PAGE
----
a) whether the plaintiff and the defendants did enter into a loan agreement secured on their principal private residence on foot of the letter of offer issued on 31 July 2003 or otherwise,

b) whether the plaintiff and the defendants did enter into a loan agreement on foot of the letter of offer issued on 2 May 2007 or otherwise, secured by the existing charge on the Murrays” principal private residence.

The management of family finances
18

The agreement between the couple as to the management of their family finances forms part of the backdrop to the events in the relevant years and I turn now to outline the evidence regarding these arrangements which is largely uncontroverted.

19

Mr Murray gave evidence of how his household has been operating since he and his wife married in 1979. Mrs Murray runs the household and all family finances since Mr Murray ‘was always at sea for the five working days’ and ‘if there was any business to be done anywhere [Mrs Murray] had to do it’ (Transcripts, day 3, p 10). He said this is how most households in Killybegs are organised, as most of the men are fishing at sea.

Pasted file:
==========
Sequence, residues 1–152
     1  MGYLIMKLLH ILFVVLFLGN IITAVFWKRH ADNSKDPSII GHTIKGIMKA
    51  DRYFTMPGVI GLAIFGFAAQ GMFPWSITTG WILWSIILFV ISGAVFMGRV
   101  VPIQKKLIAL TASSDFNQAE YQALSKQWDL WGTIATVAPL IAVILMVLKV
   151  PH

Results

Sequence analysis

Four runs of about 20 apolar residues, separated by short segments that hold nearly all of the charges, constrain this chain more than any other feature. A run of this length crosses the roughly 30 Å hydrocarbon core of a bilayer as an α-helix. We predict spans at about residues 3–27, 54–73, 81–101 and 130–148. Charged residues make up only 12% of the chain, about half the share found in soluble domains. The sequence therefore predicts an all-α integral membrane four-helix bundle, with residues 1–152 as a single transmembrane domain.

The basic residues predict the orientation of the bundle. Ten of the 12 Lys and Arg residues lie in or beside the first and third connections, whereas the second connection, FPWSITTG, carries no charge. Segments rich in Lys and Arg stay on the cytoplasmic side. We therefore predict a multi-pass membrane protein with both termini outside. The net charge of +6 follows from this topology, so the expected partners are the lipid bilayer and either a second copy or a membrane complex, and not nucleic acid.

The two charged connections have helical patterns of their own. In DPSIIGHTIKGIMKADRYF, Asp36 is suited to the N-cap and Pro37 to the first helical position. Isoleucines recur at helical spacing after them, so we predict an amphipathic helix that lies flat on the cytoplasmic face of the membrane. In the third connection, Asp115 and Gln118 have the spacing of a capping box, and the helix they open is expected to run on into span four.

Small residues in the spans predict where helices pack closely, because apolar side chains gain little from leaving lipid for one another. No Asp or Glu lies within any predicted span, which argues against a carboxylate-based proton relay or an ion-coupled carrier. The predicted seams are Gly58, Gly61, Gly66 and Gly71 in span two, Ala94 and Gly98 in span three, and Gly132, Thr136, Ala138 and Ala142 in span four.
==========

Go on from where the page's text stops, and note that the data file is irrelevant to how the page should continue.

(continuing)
20

Mr Murray gave a description of his average day at sea as a skipper on the vessel ‘Catherine R’. The boat normally lands between 6 and 9 in the morning and, at best, gets back by 5 or 6 in the evenings. He said after coming back from a fishing trip ‘you'd be mentally and physically just wrecked’ (Transcripts, day 3, p. 18). The fishing trips can involve the vessel being at sea for up to a week at a time.

21

He gave a detailed explanation of how the catch might be valued and the division of the income between the owner of the vessel and the crew (Transcripts, day 3, pp. 10 et seq.).

22

His evidence is that Mrs Murray pays the bills, and gives him personal money as he needs it from time to time (Transcripts day 3, p. 14). He has a personal credit card which ‘was just lying down in my drawer’ (Transcripts, day 3, p. 26). In cross-examination, Mr Murray admitted he has his own account with Ulster Bank (Transcript day 4, p. 5, line 7).

23